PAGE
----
Random number generators form the basis of much of science and engineering.
For example, you can’t design a nuclear weapon by modeling the behavior of each particle. Rather, they use very sophisticated random number generators to model the average behavior of the particles.
My approach to calculating temperatures from large data sets uses the same principle – I assume that the errors in the data set are distributed randomly and thus do not bias the absolute temperature or trend. That is the normal way which scientists deal with large data sets which have no systematic bias.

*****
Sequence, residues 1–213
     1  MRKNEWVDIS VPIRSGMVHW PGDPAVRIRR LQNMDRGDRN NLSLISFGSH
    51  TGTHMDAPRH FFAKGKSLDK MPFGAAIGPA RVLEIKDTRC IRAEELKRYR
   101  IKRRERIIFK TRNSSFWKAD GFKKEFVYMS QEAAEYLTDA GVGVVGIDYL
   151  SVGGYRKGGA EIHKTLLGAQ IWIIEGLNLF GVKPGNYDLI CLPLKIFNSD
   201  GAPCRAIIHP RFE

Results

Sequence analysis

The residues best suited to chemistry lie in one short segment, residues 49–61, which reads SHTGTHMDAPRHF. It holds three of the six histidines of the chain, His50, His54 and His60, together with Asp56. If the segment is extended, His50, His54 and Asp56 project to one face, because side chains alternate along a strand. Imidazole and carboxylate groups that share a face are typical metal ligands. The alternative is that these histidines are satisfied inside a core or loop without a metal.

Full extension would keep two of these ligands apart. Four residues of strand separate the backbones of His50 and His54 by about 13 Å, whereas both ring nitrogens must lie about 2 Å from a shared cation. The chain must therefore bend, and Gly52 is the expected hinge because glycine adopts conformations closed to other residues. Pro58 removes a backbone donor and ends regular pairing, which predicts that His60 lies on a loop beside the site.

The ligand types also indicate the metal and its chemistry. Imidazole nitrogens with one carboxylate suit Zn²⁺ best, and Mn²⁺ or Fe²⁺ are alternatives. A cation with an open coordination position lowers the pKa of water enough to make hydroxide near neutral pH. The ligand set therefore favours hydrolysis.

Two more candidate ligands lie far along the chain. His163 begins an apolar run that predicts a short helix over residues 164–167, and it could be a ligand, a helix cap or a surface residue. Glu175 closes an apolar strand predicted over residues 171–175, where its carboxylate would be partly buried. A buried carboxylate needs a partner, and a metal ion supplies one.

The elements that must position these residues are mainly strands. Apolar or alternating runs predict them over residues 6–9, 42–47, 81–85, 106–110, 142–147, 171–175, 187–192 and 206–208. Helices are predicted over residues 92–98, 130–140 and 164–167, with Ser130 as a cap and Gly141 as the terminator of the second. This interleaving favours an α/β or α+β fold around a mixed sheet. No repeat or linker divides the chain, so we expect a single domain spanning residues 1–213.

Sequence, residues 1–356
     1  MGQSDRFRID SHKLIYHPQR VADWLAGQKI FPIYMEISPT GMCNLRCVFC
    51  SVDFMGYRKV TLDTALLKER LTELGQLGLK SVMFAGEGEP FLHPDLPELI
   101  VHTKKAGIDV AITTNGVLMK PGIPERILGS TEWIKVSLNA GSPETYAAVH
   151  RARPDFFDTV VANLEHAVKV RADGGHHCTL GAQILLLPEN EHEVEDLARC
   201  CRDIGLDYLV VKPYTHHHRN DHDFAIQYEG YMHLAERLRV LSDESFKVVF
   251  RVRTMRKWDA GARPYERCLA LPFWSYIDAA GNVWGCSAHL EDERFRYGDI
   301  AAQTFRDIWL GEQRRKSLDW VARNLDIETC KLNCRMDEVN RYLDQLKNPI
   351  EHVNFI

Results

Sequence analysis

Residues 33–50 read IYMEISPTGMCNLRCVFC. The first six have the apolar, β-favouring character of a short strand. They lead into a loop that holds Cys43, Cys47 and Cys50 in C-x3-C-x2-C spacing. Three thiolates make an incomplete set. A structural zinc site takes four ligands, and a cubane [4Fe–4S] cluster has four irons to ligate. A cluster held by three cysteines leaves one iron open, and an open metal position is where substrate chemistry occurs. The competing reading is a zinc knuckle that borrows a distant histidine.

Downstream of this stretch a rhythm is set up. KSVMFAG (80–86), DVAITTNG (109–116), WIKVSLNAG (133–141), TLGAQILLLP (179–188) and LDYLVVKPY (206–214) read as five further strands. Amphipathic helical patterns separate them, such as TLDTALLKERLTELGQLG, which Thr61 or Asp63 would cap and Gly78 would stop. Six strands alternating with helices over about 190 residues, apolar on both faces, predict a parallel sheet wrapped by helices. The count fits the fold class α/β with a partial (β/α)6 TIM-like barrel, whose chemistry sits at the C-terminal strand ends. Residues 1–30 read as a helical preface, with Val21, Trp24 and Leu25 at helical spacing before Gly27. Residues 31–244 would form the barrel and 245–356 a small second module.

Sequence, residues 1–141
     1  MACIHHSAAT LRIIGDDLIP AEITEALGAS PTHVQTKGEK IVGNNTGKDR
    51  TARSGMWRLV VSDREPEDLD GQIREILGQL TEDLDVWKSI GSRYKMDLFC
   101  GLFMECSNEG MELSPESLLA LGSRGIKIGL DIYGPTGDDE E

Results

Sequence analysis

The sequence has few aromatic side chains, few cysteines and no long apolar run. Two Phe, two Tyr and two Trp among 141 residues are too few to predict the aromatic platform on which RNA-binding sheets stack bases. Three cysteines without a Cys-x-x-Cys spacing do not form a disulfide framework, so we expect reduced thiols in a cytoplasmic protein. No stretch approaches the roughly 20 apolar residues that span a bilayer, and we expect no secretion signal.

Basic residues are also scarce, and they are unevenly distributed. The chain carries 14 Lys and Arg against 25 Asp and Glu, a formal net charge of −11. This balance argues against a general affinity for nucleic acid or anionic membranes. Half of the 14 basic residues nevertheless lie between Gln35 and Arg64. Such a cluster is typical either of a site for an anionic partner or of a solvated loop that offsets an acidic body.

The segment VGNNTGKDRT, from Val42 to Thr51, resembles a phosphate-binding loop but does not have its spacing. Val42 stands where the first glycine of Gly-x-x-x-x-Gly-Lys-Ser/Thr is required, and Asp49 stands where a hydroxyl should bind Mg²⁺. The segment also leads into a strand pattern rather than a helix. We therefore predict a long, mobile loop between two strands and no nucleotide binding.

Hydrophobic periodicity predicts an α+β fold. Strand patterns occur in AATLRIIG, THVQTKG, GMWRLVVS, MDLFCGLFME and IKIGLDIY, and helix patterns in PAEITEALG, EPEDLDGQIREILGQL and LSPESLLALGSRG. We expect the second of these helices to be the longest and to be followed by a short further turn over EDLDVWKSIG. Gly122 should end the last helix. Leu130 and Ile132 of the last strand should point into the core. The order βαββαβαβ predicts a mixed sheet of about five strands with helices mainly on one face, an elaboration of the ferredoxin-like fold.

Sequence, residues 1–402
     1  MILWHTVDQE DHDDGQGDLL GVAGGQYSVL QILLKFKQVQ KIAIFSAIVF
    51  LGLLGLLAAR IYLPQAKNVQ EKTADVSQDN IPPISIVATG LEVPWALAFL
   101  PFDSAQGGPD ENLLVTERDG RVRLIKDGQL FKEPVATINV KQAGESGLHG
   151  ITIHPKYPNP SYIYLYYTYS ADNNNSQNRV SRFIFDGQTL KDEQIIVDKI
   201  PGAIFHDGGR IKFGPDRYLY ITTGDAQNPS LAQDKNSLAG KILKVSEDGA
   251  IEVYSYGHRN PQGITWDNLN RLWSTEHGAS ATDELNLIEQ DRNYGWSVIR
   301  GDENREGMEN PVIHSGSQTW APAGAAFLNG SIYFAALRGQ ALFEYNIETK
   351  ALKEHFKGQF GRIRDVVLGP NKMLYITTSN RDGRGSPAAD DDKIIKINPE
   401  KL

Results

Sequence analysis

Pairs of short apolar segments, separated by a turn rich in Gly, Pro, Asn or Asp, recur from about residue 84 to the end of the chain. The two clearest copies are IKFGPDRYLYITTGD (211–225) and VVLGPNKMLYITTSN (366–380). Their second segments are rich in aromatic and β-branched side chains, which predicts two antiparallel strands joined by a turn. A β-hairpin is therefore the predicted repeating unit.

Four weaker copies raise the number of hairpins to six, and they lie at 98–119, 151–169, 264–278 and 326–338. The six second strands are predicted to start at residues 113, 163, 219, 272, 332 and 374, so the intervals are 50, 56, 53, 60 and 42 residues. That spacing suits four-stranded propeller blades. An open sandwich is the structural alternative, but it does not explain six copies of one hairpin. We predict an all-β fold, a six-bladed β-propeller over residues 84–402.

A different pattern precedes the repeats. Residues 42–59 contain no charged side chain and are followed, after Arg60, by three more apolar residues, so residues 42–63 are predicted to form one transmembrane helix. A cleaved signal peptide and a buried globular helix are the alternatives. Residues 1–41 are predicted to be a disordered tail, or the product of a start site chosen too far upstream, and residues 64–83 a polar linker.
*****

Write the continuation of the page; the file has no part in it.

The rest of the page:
Zeke apparently can’t comprehend this, and believes that absolute temperatures can’t be calculated with data sets which have missing data. His approach is to hide the missing data by calculating anomalies for each month. In doing this, he loses vast amounts of important information – like what I have been uncovering.
Zeke and Mosher think I should the same grossly flawed methodology which they use, and thus come up with the same wrong numbers which they do.
If there is a systematic human bias behind the post-1990 station data loss, their approach will not find it – and will in fact cover it up.